Versa Dynamics 2.0 LP player Page 5

Bass performance from discs, too, now sets a new standard. The Versa Dynamics, in my system, produced the smoothest, deepest, tightest low end I have ever heard from disc! Bass performance is almost exactly like that from Compact Disc, which is to say it is probably about as natural as it is possible to get. It is now clear that the WTA, which has been accused of thinning deep bass, instead slightly exaggerates the midbass. To the ear, the midbass exaggeration tends to obscure what is below.

In short, this player is giving me by far the best sound from analog discs that I have ever had, and has forced me to revise my feelings about CD relative to LP reproduction. I recently became aware that, during the three weeks I have been using this player, I have not played a single CD. Whether this is because I now prefer LP sound or is simply because my entire LP collection (which contains a lot of unsurpassed performances that may never be on CD) has suddenly been revitalized, is something I'm not prepared to declare because I haven't made up my own mind yet. However, I will admit that I cannot recall when I have derived so much pleasure from so much of my analog disc collection.

Is this, then, the best 'table/arm unit in the world? For my money, yes. I haven't heard the $22,350 Goldmund Reference, and obviously can make no final pronouncements, but the Goldmund does have some design features which are, theoretically at least, inferior to the Versa Dynamics'. The Reference could hardly have a better disc-damping system than this, its incrementing carriage feed (constant-speed, and actuated by a position sensor) will inevitably be very slightly off tangency much of the time (whether or not it is audible), and its much longer tonearm (7" from stylus to pivot, as opposed to the Versa's 3") is inevitably more susceptible to longitudinal resonances in the critical midrange region.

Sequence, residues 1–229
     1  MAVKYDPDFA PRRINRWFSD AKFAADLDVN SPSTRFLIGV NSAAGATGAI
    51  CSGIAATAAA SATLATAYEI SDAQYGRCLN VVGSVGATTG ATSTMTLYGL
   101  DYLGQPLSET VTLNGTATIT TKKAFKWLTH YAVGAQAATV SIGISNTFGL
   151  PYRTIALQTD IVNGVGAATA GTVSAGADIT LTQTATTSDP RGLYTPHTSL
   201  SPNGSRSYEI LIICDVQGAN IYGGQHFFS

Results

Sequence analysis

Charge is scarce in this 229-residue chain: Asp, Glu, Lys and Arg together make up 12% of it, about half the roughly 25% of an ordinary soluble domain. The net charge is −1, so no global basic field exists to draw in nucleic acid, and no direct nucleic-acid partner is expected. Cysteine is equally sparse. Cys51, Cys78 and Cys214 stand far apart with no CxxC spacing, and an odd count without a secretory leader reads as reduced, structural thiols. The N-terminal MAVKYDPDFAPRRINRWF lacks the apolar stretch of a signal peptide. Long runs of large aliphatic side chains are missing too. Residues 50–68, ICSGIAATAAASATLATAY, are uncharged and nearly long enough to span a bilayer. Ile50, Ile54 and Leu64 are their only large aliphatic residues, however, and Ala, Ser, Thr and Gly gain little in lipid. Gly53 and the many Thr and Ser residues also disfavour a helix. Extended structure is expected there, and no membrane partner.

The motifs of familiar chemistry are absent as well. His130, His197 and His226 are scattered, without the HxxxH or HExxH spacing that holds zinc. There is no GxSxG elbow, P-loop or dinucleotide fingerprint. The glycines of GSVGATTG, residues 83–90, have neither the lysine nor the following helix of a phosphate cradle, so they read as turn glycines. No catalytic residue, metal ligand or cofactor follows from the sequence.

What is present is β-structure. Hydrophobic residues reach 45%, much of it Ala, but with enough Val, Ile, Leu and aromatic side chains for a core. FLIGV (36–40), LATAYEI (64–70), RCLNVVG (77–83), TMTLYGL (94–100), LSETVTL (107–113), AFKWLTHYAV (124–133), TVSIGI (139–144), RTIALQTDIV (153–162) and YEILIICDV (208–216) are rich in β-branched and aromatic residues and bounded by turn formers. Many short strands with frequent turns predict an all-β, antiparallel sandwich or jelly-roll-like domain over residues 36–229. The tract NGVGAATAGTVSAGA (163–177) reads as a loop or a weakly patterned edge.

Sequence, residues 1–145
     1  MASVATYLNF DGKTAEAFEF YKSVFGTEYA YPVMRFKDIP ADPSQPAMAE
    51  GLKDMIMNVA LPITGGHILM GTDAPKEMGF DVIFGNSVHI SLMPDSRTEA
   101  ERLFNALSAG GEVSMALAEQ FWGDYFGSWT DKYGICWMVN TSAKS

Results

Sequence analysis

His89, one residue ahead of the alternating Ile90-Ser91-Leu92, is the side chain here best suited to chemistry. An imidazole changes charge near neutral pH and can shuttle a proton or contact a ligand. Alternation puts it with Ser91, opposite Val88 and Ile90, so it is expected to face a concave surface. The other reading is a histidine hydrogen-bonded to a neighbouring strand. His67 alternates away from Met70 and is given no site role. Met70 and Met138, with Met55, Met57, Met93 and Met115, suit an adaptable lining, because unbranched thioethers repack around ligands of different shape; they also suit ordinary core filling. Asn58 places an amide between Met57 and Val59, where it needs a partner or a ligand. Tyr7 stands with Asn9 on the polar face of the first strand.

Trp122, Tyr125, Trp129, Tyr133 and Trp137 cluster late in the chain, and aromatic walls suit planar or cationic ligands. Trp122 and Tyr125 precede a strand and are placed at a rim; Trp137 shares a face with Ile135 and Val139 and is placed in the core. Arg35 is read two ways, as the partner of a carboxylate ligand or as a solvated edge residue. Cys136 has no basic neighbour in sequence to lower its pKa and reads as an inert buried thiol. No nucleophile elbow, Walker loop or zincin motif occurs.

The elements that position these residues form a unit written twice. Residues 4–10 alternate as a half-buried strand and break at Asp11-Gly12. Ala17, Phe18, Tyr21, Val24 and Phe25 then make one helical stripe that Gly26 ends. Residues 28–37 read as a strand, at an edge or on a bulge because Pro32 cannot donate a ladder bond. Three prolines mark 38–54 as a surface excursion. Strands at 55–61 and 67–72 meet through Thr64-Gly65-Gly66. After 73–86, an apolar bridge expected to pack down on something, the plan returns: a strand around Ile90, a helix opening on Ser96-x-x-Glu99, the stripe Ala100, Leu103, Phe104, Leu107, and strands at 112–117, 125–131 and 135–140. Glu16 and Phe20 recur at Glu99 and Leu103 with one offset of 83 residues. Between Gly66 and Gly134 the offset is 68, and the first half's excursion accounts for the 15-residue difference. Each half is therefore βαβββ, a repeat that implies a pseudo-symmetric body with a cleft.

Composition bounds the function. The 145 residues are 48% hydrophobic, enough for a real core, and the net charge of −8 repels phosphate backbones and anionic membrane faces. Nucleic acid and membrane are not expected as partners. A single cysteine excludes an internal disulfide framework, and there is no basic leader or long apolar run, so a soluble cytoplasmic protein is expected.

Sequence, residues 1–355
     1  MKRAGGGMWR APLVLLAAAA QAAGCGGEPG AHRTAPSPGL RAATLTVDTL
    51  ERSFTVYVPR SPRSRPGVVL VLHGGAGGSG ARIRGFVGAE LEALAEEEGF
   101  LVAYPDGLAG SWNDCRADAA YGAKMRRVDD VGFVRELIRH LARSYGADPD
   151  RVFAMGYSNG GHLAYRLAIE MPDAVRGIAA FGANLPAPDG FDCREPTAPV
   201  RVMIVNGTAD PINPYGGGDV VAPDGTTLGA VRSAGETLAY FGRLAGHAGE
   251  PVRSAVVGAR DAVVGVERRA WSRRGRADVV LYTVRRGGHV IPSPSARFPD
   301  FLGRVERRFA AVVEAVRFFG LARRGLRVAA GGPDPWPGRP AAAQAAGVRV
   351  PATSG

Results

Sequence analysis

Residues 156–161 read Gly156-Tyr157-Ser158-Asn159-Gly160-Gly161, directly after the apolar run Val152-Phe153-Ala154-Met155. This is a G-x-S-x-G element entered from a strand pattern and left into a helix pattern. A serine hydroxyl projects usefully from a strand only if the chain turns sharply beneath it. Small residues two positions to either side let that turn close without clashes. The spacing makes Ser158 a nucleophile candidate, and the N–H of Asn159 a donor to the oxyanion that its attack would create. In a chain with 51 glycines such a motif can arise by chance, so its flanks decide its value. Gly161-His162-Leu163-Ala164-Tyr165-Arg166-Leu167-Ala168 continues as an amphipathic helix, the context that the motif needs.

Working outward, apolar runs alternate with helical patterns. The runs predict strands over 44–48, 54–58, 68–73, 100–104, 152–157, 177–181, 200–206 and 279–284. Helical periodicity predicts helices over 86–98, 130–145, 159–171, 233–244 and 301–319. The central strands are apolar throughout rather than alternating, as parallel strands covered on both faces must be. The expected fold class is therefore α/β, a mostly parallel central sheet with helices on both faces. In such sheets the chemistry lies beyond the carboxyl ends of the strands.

The only real problems I foresee with the Versa Dynamics 2.0 would involve isolation of its pump module from the listening environment (and its surrounding area). The frequencies at which the pump produces most of its noise and vibration are low enough that they are unlikely to cause trouble if the pump is on a concrete floor or a low-resonance suspension. But using the system in a frame house could cause real headaches—literally, because floor joists are very efficient transmitters of low-frequency vibrations. Just how much of a hassle this turns out to be will depend on whether or not the structural resonances in a given venue happen to fall on the 40 or 20Hz frequencies. But even if they don't, it would probably only make a difference between the LF noise being clearly audible throughout the house or being positively obnoxious.

(Remember that, while 20Hz is at the lower limit of human hearing, it is by no means at the limit of perception, as can be corroborated by anyone who has ever experienced a large pipe organ sounding off at 16Hz. 20Hz can be definitely felt, as a pulsating pressure on the body, and it has been demonstrated that more than a few minutes of such pulsing can cause a headache.)

The optional noise-reduction enclosure has relatively little effect on floor-borne vibration. It would seem, then, that if there isn't a convenient concrete floor on which to place the pump, the pump assembly will need better supporting isolation than it now has. Suspending it from the ceiling on springs is one possible solution. A better one would be to provide adequate isolation through the unit's feet, as by the use of such compression springs as support the turntable suspension.

I would have liked nothing more than to assure you that this $8000 system is a waste of money unless you're willing to go for broke to get a tiny improvement in sound. Unfortunately, that's not the case. The improvements it effects in LP reproduction are real, significant, and—as far as I'm concerned—well worth the cost. Very highly recommended, with fireworks and fanfares.

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